The second inlet 60 and second outlet 62 are shown in FIG. 10 in fluid communication with a duct 66, for example the bypass duct 8. A first fluid flow control device 68 according to the present invention is provided at the junction of the second outlet 62 and the duct 66. This comprises a door 70 attached to a torsion bar 72 and is operable in the same manner as previously described with reference to other embodiments of the present invention. Thus there is a pressure difference between the two sides of the door 70 which provides a pressure force F2. The torsion bar 72 is pre-stressed to provide an urging force F1 which opposes the pressure force F2. Thus, when the pressure of the second flow 64 is greater than that in the flow through the duct 66, the pressure force F2 is greater than the urging force F1 and the door 70 is moved to an open position in which the flow is relatively unrestricted. Conversely, when the pressure of the second flow 64 decreases below a predetermined value the pressure force F2 is less than the urging force F1 and the door 70 is moved to a closed position in which the flow is relatively restricted or blocked.

A second fluid flow control device 74 may be provided at the junction of the second inlet 60 and the duct 66. This would act in the same manner as the first fluid flow control device 68; hence the two fluid flow control devices 68, 74 would move in approximate synchronicity.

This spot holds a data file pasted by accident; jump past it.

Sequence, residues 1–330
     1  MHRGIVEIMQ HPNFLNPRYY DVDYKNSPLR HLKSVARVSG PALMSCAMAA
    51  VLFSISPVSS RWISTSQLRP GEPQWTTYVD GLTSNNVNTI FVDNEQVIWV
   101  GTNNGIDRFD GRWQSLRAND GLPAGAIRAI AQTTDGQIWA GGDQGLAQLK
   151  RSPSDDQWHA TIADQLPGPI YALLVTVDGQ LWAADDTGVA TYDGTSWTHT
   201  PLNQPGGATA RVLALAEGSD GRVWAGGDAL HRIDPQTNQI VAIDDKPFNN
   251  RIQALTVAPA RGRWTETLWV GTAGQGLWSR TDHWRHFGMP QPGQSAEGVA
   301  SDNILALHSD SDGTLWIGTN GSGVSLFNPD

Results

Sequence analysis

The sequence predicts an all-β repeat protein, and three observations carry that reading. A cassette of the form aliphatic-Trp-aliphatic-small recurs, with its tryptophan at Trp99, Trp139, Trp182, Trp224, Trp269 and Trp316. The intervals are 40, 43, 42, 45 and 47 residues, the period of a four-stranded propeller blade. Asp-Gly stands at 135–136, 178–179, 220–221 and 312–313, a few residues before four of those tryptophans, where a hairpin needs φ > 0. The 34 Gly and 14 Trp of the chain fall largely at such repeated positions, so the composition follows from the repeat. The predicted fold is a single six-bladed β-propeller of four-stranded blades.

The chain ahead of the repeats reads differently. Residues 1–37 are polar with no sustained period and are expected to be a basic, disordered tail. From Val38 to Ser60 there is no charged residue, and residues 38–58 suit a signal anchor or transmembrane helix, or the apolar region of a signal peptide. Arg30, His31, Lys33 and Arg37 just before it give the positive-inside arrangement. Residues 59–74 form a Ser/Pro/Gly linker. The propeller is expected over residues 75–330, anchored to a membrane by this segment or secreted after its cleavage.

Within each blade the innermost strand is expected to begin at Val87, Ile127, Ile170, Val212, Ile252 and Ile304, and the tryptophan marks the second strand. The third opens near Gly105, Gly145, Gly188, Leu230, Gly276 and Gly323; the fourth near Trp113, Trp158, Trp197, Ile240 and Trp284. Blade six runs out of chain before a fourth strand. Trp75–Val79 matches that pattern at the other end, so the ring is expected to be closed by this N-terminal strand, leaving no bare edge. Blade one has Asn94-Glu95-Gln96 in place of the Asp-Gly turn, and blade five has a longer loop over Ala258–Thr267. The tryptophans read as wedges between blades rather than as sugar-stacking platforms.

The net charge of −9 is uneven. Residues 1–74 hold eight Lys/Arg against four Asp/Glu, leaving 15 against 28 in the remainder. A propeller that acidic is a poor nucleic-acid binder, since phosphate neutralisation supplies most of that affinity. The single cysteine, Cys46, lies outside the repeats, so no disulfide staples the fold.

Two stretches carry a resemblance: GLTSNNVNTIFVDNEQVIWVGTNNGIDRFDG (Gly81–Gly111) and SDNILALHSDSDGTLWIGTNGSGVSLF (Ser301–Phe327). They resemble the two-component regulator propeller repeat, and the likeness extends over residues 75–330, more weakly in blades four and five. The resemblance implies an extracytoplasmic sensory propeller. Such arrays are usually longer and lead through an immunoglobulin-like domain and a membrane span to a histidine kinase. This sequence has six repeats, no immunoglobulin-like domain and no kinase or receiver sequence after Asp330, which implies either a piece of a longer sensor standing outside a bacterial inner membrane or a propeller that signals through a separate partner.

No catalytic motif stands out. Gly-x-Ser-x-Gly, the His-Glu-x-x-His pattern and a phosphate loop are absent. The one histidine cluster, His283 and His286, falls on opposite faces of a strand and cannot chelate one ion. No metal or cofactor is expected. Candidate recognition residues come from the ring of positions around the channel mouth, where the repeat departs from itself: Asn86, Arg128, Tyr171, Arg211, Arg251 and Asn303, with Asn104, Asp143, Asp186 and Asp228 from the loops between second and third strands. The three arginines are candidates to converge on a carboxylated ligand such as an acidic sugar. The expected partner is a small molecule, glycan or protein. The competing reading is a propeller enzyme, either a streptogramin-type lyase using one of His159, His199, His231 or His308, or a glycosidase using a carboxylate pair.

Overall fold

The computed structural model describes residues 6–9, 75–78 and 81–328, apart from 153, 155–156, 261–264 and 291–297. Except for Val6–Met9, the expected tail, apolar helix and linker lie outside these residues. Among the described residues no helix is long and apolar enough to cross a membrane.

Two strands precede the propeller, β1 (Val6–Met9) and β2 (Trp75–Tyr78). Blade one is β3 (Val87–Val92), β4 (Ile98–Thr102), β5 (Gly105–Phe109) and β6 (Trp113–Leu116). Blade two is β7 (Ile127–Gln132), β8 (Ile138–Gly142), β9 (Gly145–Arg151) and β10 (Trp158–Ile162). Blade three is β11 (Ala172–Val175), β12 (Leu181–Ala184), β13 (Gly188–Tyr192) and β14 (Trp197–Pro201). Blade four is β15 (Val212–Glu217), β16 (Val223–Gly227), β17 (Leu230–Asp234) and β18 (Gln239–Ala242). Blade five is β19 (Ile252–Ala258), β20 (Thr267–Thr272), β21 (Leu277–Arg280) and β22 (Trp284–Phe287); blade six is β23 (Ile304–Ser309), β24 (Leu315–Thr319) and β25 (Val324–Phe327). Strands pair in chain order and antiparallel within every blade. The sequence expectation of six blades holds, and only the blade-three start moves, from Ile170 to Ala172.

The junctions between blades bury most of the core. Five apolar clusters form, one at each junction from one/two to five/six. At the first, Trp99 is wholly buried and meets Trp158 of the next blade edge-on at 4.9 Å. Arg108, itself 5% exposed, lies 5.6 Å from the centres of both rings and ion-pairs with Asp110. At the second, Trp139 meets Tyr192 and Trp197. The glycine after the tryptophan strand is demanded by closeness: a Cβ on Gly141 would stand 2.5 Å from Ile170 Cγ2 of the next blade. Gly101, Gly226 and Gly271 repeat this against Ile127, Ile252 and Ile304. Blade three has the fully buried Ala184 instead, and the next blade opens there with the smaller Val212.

Although the second flow 64 has been described in fluid communication with the duct 66 and controlled by fluid flow control devices 68, 74 according to the present invention, the first flow 58 could be in fluid communication with the duct 66 instead. The fluid flow control device may be provided on any one or combination of the inlets and outlets of the heat exchanger 52. Other modifications will be obvious to the skilled reader.

Although the present invention is described as providing an fluid flow control device for the exhaust nozzles of gas turbine engines to improve fuel consumption and engine efficiency, it can equally provide noise reduction benefits by the careful selection of guide member shape and size. GB/2,374,121/B of the present Applicant provides guide members or tabs that are deployable for noise reduction purposes. The teachings of GB 2,374,121 B are hereby incorporated by reference. The present invention provides a novel actuation method which has particular advantages in reducing the complexity and weight of the noise reduction fluid flow control device over prior assemblies.

Various modifications can be made without departing from the scope of the invention. Although the above embodiments relate to a three shaft gas turbine engine, it will be appreciated that embodiments of the invention could be used on a two shaft gas turbine engine.

Referenced by
Citing PatentFiling datePublication dateApplicantTitle
US7735601 *Mar 3, 2006Jun 15, 2010Rolls-Royce PlcEngine noise
US7963099 *May 21, 2007Jun 21, 2011General Electric CompanyFluted chevron exhaust nozzle
US8393435 *Feb 26, 2009Mar 12, 2013AircelleTrailing edge for an aircraft engine, of the type with moving chevrons
Classifications
U.S. Classification137/85, 165/168, 222/395, 60/262
International ClassificationG05D16/00
Cooperative ClassificationF05D2220/327, F05D2250/292, F02K1/46, Y02T50/671, F02K1/06, F02K1/42, F01D17/105, F01D17/14, F02K3/06, F02K3/115
European ClassificationF01D17/10B, F02K3/06, F02K1/46, F01D17/14, F02K3/115, F02K1/42, F02K1/06
Legal Events
DateCodeEventDescription
Mar 8, 2007ASAssignment
Owner name: ROLLS-ROYCE PLC, GREAT BRITAIN
Free format text: ASSIGNMENT OF ASSIGNORS INTEREST;ASSIGNOR:HOCKING, BARRY NORMAN;REEL/FRAME:019022/0968
Effective date: 20070306